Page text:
The ability to carry concealed in a restaurant or eating establishment in North Carolina had its first anniversary this past week. The anniversary brings with it a measure of disappointment for the naysayers and gun prohibitionists. Blood didn’t run in the streets and there weren’t boozy shoot-outs on a regular basis. In fact, according to research by Grass Roots North Carolina, there wasn’t even one shooting involving a concealed carry holder in a restaurant serving alcohol.
House Bill 937, which became effective on October 1, 2013, dramatically expanded North Carolina’s concealed handgun law into restaurants where alcohol is sold and consumed, assemblies of people for which admission is charged, parades and funerals, further into state and municipal parks, and even to a limited extent into educational properties.
‘Guns and alcohol don’t mix’?
As always when we expand concealed handgun laws, opponents and media naysayers predicted shootings in bars, guns stolen from vehicles at schools, and various other sorts of mayhem using platitudes like “guns and alcohol don’t mix.”
GRNC explained endlessly that concealed handgun permit-holders, by virtue of background checks and training, had proven themselves sane, sober and law-abiding since 1995, with a rate of permit revocation on the order of three tens of a single percent. We explained that permit-holders in restaurants would still be prohibited from imbibing alcohol.
But the dire predictions persisted. Editorials ridiculed legislators. UNC president Tom Ross sent UNC police chiefs to testify against the bill, claiming it would hamper their ability to protect students. Gun control activists pushed restaurants to post against concealed carry.
So what has happened?
It has now been one year since HB 937 became effective. So what has happened? Nothing. GRNC monitors clipping services for gun-related incidents. Just like Virginia, Ohio, Tennessee and other states which adopted restaurant carry, however, we have been unable to find a single instance of a concealed handgun permit-holder misusing a gun in a restaurant or educational property.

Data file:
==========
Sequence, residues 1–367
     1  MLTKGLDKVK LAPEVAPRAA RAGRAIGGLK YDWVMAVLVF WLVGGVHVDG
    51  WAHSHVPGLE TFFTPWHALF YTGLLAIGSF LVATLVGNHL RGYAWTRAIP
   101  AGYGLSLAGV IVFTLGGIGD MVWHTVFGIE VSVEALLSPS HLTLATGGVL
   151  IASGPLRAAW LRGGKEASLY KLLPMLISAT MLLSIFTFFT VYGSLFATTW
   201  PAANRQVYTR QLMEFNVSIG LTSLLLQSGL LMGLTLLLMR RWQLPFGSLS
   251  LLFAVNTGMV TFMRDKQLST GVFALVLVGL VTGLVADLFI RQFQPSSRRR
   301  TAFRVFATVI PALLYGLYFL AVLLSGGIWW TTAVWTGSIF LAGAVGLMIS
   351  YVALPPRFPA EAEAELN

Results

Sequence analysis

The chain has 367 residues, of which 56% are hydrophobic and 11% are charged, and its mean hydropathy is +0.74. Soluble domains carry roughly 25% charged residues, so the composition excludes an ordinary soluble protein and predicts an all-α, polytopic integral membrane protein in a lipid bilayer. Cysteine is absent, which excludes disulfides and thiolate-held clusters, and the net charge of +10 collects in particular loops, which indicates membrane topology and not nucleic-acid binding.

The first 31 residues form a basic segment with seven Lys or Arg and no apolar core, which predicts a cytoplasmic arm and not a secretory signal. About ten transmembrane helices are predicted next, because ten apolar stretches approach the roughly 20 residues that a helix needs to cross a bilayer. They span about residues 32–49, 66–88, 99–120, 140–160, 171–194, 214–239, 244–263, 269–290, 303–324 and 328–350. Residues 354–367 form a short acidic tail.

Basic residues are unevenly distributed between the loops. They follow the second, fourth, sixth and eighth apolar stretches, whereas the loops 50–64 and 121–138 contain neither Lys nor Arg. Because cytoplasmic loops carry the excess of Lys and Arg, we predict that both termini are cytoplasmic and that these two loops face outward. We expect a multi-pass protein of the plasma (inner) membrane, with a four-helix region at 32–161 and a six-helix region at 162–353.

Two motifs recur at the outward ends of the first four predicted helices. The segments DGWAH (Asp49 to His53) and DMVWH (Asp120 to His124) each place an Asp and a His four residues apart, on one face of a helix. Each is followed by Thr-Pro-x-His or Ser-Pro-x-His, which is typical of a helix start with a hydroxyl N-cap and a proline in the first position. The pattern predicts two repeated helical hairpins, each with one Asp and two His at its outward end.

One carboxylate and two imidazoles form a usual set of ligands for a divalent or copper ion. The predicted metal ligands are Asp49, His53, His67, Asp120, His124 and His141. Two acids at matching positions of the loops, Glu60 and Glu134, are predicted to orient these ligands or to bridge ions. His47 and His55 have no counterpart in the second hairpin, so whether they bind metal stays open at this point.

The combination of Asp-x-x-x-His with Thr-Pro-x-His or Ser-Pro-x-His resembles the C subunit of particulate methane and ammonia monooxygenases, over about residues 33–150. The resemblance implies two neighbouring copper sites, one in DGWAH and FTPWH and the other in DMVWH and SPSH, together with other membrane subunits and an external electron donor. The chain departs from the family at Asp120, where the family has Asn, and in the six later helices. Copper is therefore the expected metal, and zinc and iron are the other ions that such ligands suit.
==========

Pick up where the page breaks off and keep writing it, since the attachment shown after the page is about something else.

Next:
So when will the media naysayers apologize? Will the media acknowledge the anniversary and the absolute lack of negative impact?
NC State Fair: The latest battleground
In the latest battle, Agriculture Commissioner Steve Troxler says he will post the North Carolina State Fair against concealed carry even though statutes adopted in HB 937 now prohibit him from doing so. He apparently believes that even despite passing concealed carry in 1995; Castle Doctrine/Stand Your Ground and expanded concealed carry into parks and elsewhere in 2011; and HB 937 in 2013 – all without the mayhem predicted by opponents – somehow, the state fair must be a different and more dangerous place than all the others.
So GRNC asks both Troxler and the media, “Where’s the mayhem?”
It is against this background that GRNC is taking NC Agriculture Commissioner Steve Troxler (R-NC) to task for trying to continue the ban on carry at the North Carolina State Fair. HB 937 which permits restaurant carry also permitted carry at assemblies where an admission is charged such as the State Fair. GRNC is threatening legal action to make Ag Commissioner Troxler and the State Fair to abide by the law.
Sean Sorrentino of An NC Gun Blog attended Troxler’s press conference and questioned him about the decision to post the State Fair. Troxler replied that it was long-standing policy to post against carry and he’d leave it to the lawyers about the interpretation of the new law.
Paul Valone, President of GRNC, has met with Troxler last Monday. As Valone says, Troxler is not known as a liberal or anti-gun but that still doesn’t make him right. GRNC will be going to court seeking a temporary restraining order before the fair opens in about a week.